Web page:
I performed the following experiment with students of mathematics. I showed them a map of Russia on google and took a point very far to the east (Uelen, a village in the Chukotsky District next to the Bering Sea) and a point very far to the west (Venekyulya, a region in the Leningrad Oblast, at the border with Estonia). The distance between Uelen and Venekyulya is, roughly, the largest distance between two points in Russia, which is about 6000 km. I asked the students to draw a path between Uelen and Venekyulya whose length is 6000 km. Some drew the path P1 shown below which is a straight line between Uelen and Venekyulya on the google map. Others, realizing that the map is a projection of a sphere, drew path P2, slightly curved upwards.

When I showed them the actual path (see below), they were all surprised. They thought it was wrong. How can it be that the "straight line path" is so much curved upwards? Well, that's because the distortion of the map increases very rapidly when we move away from the equator.

If I had shown them the actual map, on a sphere, then they would have known what to do: they would have drawn an arc between Uelen and Venekyulya that is part of the unique great circle between them, that is, the circle centered at the Earth's center and containing Uelen and Venekyulya. This arc almost (but not quite) passes from the North Pole. To see this, we need to look at the Earth downwards from the North Pole. The picture then becomes clear and the apparent contradiction is resolved.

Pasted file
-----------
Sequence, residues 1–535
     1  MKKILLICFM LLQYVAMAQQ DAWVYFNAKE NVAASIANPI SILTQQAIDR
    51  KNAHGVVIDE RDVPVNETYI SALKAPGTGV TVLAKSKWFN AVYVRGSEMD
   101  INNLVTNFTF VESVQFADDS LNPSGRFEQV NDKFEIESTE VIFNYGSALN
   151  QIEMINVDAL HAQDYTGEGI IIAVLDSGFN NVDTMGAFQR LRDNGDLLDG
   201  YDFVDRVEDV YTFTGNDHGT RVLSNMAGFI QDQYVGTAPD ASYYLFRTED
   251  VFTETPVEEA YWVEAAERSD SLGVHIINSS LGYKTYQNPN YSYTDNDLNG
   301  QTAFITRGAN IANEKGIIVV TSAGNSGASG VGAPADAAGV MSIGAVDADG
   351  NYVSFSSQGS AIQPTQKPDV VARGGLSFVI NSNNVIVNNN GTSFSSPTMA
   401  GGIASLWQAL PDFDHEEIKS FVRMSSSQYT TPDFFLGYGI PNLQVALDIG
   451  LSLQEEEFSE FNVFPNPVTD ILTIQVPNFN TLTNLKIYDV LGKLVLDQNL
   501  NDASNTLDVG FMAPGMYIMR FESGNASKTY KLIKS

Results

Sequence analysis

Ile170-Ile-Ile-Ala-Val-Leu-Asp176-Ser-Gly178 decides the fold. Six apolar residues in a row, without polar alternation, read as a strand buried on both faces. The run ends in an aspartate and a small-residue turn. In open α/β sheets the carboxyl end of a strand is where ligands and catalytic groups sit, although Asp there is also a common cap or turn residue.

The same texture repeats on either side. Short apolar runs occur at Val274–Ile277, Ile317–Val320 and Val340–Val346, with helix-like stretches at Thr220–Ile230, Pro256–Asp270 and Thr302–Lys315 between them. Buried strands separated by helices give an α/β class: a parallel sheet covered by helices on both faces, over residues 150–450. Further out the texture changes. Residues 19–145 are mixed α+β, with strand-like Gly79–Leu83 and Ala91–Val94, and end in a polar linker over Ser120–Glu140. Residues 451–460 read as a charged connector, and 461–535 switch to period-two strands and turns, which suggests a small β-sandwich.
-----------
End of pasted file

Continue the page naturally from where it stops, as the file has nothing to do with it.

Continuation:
The moral of this is that we should never believe what we see. (In fact, we should never believe in anything.) Only when we have further evidence, provided by experiment, measurements, or mathematical proof should we "believe" what we see. But then the verb "believe" becomes irrelevant; at this point, we know, we do not believe. We may believe something, temporarily, until further evidence, or we may believe something because someone else we trust has done the work for us. But we should never believe something because our eyes saw it, or because a teacher once told us, or because the government or administration says so, or because a religious, for example, book writes.

One thing that bothers me with some students (and some teachers) of mathematics is that they may be comfortable with the geometry of a 5-dimensional hyperbolic space because they may have seen it in class, passed an exam on it, or doing research on it, but may be uncomfortable with down-to-Earth [sic] geometry, including knowing 2-3 proofs of the Pythagorean theorem.

When I showed them the actual path (see below), they were all surprised. They thought it was wrong. How can it be that the "straight line path" is so much curved upwards? Well, that's because the distortion of the map increases very rapidly when we move away from the equator.

If I had shown them the actual map, on a sphere, then they would have known what to do: they would have drawn an arc between Uelen and Venekyulya that is part of the unique great circle between them, that is, the circle centered at the Earth's center and containing Uelen and Venekyulya. This arc almost (but not quite) passes from the North Pole. To see this, we need to look at the Earth downwards from the North Pole. The picture then becomes clear and the apparent contradiction is resolved.

(Credits for this image go to https://www.jasondavies.com/maps/rotate/) |

One thing that bothers me with some students (and some teachers) of mathematics is that they may be comfortable with the geometry of a 5-dimensional hyperbolic space because they may have seen it in class, passed an exam on it, or doing research on it, but may be uncomfortable with down-to-Earth [sic] geometry, including knowing 2-3 proofs of the Pythagorean theorem.

*O tempora o mores!*
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